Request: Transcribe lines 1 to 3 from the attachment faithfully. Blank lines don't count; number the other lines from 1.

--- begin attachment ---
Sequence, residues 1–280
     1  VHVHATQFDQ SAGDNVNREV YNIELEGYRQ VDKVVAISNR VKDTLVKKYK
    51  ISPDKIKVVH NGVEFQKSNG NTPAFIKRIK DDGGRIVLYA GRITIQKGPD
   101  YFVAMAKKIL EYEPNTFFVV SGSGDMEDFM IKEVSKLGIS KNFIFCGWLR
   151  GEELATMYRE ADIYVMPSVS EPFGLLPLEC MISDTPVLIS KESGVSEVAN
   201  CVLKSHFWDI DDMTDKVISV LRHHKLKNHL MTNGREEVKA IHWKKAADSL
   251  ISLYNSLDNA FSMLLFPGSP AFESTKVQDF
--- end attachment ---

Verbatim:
Sequence, residues 1–280
     1  VHVHATQFDQ SAGDNVNREV YNIELEGYRQ VDKVVAISNR VKDTLVKKYK
    51  ISPDKIKVVH NGVEFQKSNG NTPAFIKRIK DDGGRIVLYA GRITIQKGPD